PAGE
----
Justice Department Directs Agents To Intervene If They See Police Violence

Attorney General Merrick Garland has revised rules governing the use of force by law enforcement agencies overseen by the Justice Department, requiring federal agents to intervene when they see officials using excessive force or mistreating people in custody.

The memo states that the department’s policy is to “value and preserve human life” and that officers should use “only the force that is objectively reasonable to effectively gain control of an incident, while protecting the safety of the officer and others.”

“Officers may use force only when no reasonably effective, safe, and feasible alternative appears to exist and may use only the level of force that a reasonable officer on the scene would use under the same or similar circumstances,” it says.

The first revision of the department’s use-of-force policy in 18 years now requires officers to “recognize and act upon the affirmative duty to intervene to prevent or stop, as appropriate, any officer from engaging in excessive force or any other use of force that violates the Constitution, other federal laws or department policies on the reasonable use of force.”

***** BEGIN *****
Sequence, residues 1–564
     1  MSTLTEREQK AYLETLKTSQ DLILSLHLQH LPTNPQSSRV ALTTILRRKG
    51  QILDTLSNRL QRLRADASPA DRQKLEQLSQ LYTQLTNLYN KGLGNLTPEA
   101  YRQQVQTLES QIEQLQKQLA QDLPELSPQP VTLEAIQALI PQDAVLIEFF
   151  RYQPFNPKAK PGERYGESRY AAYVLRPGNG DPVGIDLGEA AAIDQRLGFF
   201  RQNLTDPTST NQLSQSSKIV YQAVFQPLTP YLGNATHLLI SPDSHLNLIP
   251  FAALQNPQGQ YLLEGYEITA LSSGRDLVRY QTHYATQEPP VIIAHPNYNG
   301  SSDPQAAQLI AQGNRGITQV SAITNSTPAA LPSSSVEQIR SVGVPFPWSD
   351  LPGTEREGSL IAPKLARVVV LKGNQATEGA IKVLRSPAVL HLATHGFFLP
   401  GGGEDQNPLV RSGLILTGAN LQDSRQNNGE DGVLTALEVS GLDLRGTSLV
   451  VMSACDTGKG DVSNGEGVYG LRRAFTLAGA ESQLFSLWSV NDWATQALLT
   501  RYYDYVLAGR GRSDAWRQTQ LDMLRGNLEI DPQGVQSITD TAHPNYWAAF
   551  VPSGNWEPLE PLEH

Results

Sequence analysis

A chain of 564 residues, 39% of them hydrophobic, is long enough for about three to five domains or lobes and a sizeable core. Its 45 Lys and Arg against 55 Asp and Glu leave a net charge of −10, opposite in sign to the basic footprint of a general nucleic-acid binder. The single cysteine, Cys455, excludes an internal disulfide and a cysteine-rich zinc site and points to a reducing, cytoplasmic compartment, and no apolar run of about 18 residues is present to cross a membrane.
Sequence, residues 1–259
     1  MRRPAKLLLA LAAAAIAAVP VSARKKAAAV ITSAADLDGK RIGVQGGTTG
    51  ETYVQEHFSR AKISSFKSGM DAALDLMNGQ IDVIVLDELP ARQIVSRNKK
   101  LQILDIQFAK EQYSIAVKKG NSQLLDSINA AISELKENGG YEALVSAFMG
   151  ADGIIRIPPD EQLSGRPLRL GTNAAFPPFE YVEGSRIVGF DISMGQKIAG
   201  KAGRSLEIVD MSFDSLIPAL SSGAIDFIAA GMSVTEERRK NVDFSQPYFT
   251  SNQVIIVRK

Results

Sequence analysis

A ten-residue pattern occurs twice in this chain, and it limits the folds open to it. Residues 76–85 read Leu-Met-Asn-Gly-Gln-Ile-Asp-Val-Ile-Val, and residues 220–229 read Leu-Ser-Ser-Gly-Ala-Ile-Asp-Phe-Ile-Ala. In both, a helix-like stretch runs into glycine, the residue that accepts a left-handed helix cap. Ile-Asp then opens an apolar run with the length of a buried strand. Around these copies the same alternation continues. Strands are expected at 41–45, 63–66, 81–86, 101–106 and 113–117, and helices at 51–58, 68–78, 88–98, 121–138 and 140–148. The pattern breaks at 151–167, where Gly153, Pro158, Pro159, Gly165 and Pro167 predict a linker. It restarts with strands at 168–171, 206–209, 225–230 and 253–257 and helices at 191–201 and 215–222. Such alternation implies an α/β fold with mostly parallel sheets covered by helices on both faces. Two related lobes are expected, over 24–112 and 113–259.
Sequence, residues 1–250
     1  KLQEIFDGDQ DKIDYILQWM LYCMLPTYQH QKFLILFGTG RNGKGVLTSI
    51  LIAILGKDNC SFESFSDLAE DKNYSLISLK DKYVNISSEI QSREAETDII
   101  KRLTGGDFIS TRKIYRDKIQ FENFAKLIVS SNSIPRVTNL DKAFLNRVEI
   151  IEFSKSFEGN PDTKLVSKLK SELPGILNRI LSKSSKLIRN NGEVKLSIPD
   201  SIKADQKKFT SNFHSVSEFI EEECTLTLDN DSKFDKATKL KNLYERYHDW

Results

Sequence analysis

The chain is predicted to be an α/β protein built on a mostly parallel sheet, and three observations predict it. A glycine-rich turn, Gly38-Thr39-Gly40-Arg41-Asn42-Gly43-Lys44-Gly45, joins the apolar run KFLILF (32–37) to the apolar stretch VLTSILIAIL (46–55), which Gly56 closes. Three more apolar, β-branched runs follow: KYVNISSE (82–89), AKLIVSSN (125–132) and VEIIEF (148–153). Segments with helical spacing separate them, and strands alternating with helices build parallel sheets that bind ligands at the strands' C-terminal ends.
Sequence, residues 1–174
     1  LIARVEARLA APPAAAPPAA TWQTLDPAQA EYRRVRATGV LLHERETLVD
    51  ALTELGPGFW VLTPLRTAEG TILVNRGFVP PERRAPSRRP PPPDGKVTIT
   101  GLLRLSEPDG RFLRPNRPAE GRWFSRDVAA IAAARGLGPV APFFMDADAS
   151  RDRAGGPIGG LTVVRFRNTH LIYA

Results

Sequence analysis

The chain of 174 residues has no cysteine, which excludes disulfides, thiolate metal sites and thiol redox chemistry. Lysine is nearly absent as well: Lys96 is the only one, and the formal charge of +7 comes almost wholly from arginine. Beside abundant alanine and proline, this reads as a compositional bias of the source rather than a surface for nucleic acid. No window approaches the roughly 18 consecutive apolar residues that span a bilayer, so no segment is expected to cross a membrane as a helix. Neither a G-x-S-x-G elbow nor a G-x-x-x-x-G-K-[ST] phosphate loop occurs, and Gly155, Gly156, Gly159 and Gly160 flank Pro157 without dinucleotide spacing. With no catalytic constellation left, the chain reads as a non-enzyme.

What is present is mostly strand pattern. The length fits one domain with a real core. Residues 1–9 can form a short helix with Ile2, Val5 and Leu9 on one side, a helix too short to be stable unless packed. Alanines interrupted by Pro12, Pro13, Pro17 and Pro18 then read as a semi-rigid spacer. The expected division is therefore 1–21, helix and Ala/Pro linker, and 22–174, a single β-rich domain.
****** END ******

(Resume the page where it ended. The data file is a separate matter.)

The new rules will apply to the Justice Department’s entire workforce, including agents and officers with the F.B.I., the Drug Enforcement Administration, the U.S. Marshals Service, the Federal Bureau of Prisons and the Bureau of Alcohol, Tobacco, Firearms and Explosives. The department does not have the authority to impose the requirements on local police forces or sheriff’s departments.

The new policy will take effect on July 19, the memo says.

Derrick Johnson, the president of the NAACP, applauded the changes in the memo.
“Tomorrow will mark two years since George Floyd’s cruel murder at the hands of police officers,” Johnson said in a statement. “We know full well that an executive order cannot address America’s policing crisis the same way Congress has the ability to, but we’ve got to do everything we can. There’s no better way to honor George Floyd’s legacy than for President Biden to take action by signing a police reform executive order.”

 

 

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